Tuesday, September 27, 2011

The Rules - Barb-A-Rosa's, Leonard's and Sam's Town

On the second day of my barbecue quest I realized I needed some rules. I’d stopped at Barb-A-Rosa’s on Highway 51 in Millington and gotten a disappointing excuse for a rib plate. Tough, fatty, room-temp ribs and bland beans, slaw and potato salad. And by fatty I mean using a fork to pry off large, cold chunks of gristle to avoid eating them.

I decided that I needed some sort of plan, both to make a fair comparison between the different restaurants and to avoid gaining 100 pounds. My rules are simple: Each day I stop at a barbecue place along my route and eat lunch. I order a plate. For those who don’t understand what a barbecue plate is, it’s a serving of meat with beans, cole slaw, and some type of bread. Sometimes the plate also include an order of fries. I don’t eat any of the bread, and if somewhere offers fries with the plate I sub potato salad instead and generally only eat about half the potato salad. Also, since I don’t drink soft drinks I always order water to drink. So I basically eat barbecued meat with beans, slaw and maybe a few bites of potato salad. That way I mostly avoid the three main evils of the modern American diet -- sugar/corn syrup, processed vegetable oils and grains. I choose between pulled pork and ribs based mainly on whatever I’m in the mood for; if I’m really impressed with one I can always try the other on a future trip.

The rules guided me through what could have been an overwhelming number of choices the next day, when I ate at Leonard’s Pit Barbecue on Fox Plaza Drive near Mt. Moriah in the Fox Meadows area. The restaurant had some cool vintage Memphis photos on the walls, a very courteous staff and a restored ‘54 Dodge panel truck in the dining area. And they offered a big buffet with great-looking catfish and country-fried steak alongside pulled pork and other southern treats. But I just ordered a pulled pork plate off the menu and subbed potato salad for the fries. The friendly people at Leonard’s aren't afraid of strong flavors. The meat had a very smokey flavor, the sauce for the beans was thick and rich and there was plenty of mustard and vinegar in the slaw. The mayonnaise-based potato salad was okay, but not good enough to make me break my “only a few bites” potato salad rule. I left the restaurant very impressed and determined to come back and try their ribs in the future.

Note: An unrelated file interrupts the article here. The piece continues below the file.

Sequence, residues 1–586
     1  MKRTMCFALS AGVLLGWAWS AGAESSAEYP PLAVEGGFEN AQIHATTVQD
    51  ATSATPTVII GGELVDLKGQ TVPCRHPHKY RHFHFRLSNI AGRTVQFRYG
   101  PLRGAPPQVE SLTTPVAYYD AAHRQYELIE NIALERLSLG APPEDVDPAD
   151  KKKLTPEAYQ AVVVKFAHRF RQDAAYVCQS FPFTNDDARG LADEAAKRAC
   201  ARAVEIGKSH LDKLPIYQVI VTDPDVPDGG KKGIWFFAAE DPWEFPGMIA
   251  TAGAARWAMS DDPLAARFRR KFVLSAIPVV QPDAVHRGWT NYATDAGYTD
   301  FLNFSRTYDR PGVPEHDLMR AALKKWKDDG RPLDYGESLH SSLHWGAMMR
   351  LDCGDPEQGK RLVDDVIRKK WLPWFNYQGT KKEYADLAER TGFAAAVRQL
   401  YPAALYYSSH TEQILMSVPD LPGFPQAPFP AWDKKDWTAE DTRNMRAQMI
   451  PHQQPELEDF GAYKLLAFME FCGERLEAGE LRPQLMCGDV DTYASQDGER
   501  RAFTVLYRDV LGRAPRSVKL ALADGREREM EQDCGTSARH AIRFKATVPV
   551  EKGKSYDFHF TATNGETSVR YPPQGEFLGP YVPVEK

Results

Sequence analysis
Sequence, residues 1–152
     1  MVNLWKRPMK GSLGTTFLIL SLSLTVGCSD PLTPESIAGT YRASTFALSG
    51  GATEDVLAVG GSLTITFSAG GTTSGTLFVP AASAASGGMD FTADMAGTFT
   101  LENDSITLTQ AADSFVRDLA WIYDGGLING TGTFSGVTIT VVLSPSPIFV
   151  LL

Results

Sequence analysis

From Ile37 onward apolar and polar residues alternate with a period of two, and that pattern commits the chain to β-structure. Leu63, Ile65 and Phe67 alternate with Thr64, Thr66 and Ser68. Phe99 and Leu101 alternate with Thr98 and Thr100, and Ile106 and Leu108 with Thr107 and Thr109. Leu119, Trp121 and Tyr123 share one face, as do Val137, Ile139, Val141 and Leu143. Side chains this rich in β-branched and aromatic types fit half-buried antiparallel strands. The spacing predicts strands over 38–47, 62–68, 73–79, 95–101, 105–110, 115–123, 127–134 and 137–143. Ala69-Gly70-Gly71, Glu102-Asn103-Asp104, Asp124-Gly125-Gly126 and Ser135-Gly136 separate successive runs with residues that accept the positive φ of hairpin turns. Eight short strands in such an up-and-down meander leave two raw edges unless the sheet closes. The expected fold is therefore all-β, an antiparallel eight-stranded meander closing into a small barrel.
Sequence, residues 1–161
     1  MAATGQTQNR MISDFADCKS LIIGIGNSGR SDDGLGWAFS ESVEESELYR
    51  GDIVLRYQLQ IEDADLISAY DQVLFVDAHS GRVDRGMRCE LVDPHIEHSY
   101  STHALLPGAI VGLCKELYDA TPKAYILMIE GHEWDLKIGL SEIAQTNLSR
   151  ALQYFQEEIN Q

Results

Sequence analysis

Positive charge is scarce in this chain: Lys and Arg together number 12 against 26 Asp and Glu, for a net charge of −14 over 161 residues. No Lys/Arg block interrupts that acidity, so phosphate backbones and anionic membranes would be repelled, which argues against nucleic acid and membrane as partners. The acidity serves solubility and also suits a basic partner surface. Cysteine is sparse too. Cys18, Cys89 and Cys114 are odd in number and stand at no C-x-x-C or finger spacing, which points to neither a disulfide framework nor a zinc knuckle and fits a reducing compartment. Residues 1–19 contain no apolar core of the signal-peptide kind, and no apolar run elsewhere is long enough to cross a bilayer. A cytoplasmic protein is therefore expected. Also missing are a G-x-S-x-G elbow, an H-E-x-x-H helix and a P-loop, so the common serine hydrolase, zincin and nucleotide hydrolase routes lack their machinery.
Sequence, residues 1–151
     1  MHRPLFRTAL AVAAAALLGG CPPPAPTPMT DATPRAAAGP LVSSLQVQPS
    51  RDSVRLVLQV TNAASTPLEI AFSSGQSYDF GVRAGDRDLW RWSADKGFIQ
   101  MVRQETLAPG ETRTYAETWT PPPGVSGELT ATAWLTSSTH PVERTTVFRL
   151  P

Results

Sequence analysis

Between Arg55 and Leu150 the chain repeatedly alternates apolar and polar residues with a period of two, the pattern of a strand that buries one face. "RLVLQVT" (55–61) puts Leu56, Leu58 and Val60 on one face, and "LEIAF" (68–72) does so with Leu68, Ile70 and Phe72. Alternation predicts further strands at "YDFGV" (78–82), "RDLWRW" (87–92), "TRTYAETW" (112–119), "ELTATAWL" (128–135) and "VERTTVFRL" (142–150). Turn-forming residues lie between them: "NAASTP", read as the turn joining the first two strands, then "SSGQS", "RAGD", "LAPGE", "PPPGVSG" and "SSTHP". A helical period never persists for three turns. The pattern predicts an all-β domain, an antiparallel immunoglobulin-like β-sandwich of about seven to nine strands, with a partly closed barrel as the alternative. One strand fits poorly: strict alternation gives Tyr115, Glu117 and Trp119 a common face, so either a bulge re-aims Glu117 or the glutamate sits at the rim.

I ignored the rules the next day when I attended a car show at the Sam’s Town Casino and ended up in the casino’s buffet, which featured a Corky’s Bar-B-Q station. Casino buffets are nightmarish places where there is a lot of decent-looking food that all ranges from mediocre to crap when you go to actually eat it. Eating at one about once a year is enough to remind me why I try to avoid them. You always end up with a bizarre mix of foods like the crab legs, wonton soup, fried rice, Asian beef stir fry, hashbrown casserole and fried chicken I ended up eating with my pulled pork, ribs and beans. This may sound like a lot of food to someone who hasn’t experienced a casino buffet. You get a big pile of food, but you only take a bite or two of most items before declaring them inedible. The pulled pork was pretty good but the ribs were dry and fatty. I wasn’t brave enough to try the suspect-looking slaw that was sitting in a big tub under the sneeze guard.

1 comment:

  1. I kinda disagree with your take on casino buffets. To use the "it is what it is" cliché, you can't expect a lot from them. For me, most casino buffets rate a "3" on a five point scale (with the terrible Fitzgeralds' Casino being the exception). In terms of quality, the Paula Deen Buffet at Harrah's is the best that I've experienced in Tunica. The food is fresh and tasty, although not quite as good as restaurants like Kooky Canuck (a personal favorite). Anyway, I take it for what it is and enjoy it.